By the way, Claudio would win the belt back from Jericho at the next ROH PPV... which I didn't watch.

Saraya -formerly Paige of WWE - defeated Dr. Britt Baker in her first match back since her injury way, way, WAY back when... and it was fine. Look, it's Saraya's first match back. You knew that it would take a while for her to get her groove back (and she eventually did, for better or worse) and given that she made it through the match in one piece, I will cut some slack. The same cannot be said for the crowd, who were largely dead throughout the match, especially when the former WWE Superstar Paige defeated the AEW Original Dr. Britt. Oh well. Better luck next time.

ROH Television Champion Samoa Joe defeated Powerhouse Hobbs and TNT Champion Wardlow via chokehold submission to Hobbs to win the TNT title and declare himself the King Of Television. Not exactly forward thinking there, Joe, but whatever - we'll go with it. They wanted to go for that whole big fuckers beating the fuck out of each other vibe, but that doesn't work when you have three big fuckers in there. Not a fan... but hey, Joe was a double champ for a while there.

It was at this point where the show started to feel a bit long in the tooth. And so I stopped the show and saved it for another time.


Sting and Darby Allin defeated Jeff Jarrett and Jay Lethal in what was essentially a party match. It wasn't the most impressive showing or the most hard-hitting, but it was a fun time, particularly with Sting and Jarrett reliving their spotty rivalry over the years. 

Jamie Hayter defeated AEW Women's Champion Toni Storm to win the title. Slow to start, but about halfway through, things started to pick up and the match got real good. Hayter winning the title here instead of waiting another six months was the right move.

AEW Tag-Team Champions The Acclaimed (Max Caster & Anthony Bowens) defeated Swerve In Our Glory (Keith Lee & Swerve Strickland) to retain the title in a largely forgettable match that saw Keith have enough of Swerve's cheating ways and after a slap from Swerve, Keith walks off on his partner, allowing the Acclaimed to get the win and retain the titles. Their first two matches were better than this, I'm afraid.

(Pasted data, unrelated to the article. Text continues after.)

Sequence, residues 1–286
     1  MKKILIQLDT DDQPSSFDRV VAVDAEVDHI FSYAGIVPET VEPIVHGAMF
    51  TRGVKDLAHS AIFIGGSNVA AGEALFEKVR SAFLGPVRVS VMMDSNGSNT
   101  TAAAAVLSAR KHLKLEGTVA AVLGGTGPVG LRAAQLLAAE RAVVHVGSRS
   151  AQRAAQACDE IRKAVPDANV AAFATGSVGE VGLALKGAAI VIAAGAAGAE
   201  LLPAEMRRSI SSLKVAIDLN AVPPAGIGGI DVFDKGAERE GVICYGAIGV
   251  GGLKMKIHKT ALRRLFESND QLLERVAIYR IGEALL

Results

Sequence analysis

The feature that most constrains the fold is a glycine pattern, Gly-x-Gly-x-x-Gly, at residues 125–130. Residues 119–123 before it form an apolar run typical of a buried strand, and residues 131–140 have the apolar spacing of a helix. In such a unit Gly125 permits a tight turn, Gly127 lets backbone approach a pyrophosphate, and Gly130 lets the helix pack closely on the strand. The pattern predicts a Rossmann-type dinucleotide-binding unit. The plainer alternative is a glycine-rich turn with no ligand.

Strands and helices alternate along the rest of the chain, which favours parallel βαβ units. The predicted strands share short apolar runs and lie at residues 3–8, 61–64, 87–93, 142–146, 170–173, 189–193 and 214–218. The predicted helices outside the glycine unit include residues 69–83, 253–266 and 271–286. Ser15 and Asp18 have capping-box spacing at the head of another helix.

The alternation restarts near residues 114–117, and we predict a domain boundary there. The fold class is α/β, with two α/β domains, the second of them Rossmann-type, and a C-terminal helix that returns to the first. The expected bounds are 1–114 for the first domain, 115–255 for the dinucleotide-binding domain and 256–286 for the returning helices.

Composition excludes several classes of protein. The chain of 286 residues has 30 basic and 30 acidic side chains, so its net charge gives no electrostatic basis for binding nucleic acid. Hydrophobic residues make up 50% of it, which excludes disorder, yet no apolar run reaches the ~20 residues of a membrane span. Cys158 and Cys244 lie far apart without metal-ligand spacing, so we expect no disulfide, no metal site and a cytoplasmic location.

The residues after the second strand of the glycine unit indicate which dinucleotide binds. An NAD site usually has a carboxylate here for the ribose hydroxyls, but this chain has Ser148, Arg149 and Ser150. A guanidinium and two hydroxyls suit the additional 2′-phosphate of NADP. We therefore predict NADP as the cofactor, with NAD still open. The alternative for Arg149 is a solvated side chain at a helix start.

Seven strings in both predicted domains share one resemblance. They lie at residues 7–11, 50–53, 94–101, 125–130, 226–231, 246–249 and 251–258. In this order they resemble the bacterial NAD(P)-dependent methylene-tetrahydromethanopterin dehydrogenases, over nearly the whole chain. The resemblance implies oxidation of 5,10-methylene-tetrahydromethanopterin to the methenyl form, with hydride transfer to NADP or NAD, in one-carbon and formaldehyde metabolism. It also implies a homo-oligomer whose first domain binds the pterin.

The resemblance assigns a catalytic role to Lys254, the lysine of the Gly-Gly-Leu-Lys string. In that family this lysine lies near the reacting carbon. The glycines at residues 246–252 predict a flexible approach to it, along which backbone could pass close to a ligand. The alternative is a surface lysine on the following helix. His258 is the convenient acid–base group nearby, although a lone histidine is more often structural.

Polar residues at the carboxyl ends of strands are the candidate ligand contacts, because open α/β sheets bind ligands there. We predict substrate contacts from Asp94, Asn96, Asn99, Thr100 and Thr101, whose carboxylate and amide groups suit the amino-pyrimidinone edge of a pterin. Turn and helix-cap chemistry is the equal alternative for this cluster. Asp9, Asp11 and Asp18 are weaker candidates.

Maxwell Jacob Friedman defeated AEW World Champion Jon Moxley via William Regal bestowed brass knucks to win the title. The end result was pretty obvious even if the circumstances were a bit of a cluster. I'd explain it, but my brain hurts just thinking about it, so I will just tell you to look that stuff up yourself and be the judge. Still, MJF can call himself a World Champion; a title he continues to hold to this day. The match itself was... fine. It was alright. The finish was kind of convoluted and if it lead to anything, fine. But all that happened afterwards was that Max brass knucked Regal out of AEW so he could go back to WWE, but not before recording a weird promo telling his Club members that they don't need him anymore. I'd explain that a bit more, but now my eyes are hurting as well as my brain. Best look that stuff up yourself and grab some tranquilizers just in case.

The biggest takeaway from Full Gear 2022 is that it was too damned long. Other than that, there were some good matches on there and some not-so-good matches, but nothing that really stood out or anything of the sort. MJF winning the title should've been a much bigger deal than it came across as, but considering how lackluster his run as champion would be afterwards, maybe this was an omen of things to come. Anyway, still a fine show, but not up to the standards held by prior AEW PPVs.

Next week is Revolution... I was gifted the show... let's see if it's any better.